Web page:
Colorado Rockies Sign Blake Goldsberry

Blake Goldsberry
GREENWOOD VILLAGE, CO - June 3: Cherry Creek's Blake Goldsberry on Wednesday, June 3, 2015 at Cherry Creek High School in Greenwood Village, Colorado. (Photo By Brent Lewis/The Denver Post via Getty Images)

The Colorado Rockies have signed undrafted pitcher Blake Goldsberry. The right-handed pitcher is the third undrafted free agent Colorado has signed after Luke Leisenring and Tanner Propst. Rockies beat writer Thomas Harding announced the signing late Wednesday evening.

Rockies Sign Blake Goldsberry

Baseball-Reference lists Goldsberry as a 6’4″, 220-pound right-handed pitcher originally from Littleton, Colorado. He played his high school baseball at Cherry Creek (CO) high where he went 8-1 with a 2.33 ERA as a senior. He attended the University of Kansas from 2016 to now after going undrafted out of high school.

Kansas mostly used Goldsberry as a reliever. He did start in two games in five seasons but almost all of his 81 appearances began in the bullpen. His career 5.74 ERA in 127 innings is not good but it is skewed thanks to a dreadful 11.94 ERA as a 19-year-old. That figure is inflated thanks to a rate of 2.9 home runs per nine innings. That is more than three times the next-highest rate.

2020 started as Goldsberry’s strongest collegiate campaign. He had a 0.00 ERA and eight strikeouts to one walk in 10 innings of work before the pandemic shut the season down. He was close to his career-best in strikeout rate and cut down on walks. Goldsberry was almost two years older than the average hitter but the improvement is still encouraging. His fastball is his best weapon, sitting between 90 and 95 mph but he also has a good changeup and an improving slider.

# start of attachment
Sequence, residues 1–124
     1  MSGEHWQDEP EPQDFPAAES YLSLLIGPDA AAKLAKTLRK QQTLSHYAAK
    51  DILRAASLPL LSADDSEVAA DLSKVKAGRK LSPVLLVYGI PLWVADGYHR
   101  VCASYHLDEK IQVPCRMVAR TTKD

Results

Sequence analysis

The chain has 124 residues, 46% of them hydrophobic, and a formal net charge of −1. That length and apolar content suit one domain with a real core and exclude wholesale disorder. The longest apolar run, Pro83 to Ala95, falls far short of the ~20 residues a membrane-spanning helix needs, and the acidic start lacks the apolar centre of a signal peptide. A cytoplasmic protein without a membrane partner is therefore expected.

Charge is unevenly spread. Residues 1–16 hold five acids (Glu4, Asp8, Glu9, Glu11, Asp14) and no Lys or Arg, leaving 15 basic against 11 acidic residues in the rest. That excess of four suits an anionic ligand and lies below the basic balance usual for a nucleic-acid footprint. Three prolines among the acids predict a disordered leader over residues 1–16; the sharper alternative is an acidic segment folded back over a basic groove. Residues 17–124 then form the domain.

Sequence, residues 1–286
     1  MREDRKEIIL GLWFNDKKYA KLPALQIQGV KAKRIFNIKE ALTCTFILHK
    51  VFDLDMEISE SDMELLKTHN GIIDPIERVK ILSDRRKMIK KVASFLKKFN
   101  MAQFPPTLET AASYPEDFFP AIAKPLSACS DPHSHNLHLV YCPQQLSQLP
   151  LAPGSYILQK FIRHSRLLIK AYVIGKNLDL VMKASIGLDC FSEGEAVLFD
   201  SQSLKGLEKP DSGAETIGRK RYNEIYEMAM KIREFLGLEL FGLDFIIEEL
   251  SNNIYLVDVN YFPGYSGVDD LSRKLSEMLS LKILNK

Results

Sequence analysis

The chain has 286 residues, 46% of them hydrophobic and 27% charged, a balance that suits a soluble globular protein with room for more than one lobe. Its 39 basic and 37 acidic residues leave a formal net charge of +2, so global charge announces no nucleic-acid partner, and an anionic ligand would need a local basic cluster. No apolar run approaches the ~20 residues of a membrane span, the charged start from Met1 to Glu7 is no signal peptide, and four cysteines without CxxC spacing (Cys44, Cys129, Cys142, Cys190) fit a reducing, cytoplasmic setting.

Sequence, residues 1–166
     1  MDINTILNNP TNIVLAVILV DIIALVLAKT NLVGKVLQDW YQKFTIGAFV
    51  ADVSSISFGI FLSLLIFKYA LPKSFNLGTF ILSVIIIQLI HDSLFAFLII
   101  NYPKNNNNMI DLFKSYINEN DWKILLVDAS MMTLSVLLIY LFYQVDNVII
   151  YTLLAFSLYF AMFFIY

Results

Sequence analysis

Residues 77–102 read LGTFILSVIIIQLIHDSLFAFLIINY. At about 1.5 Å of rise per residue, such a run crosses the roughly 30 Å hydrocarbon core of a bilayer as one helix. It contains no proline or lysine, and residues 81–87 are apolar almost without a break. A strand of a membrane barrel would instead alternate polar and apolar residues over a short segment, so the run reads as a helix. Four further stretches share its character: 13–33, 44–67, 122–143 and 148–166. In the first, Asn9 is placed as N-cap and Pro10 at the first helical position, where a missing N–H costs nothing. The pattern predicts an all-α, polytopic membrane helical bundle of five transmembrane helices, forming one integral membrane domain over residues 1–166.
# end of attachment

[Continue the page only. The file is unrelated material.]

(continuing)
What This Means for the Future

Goldsberry is similar to several average college arms they have drafted in recent years. He has a starters frame but his relief-only usage could push him back into the bullpen. There will be no minor league baseball in 2020 so we do not know what Colorado’s plans are for its minor leaguers. There could be some sort of extended spring training for those not part of the 60-man roster used in the majors this year. Hopefully, we will know more in the next few weeks as baseball returns.

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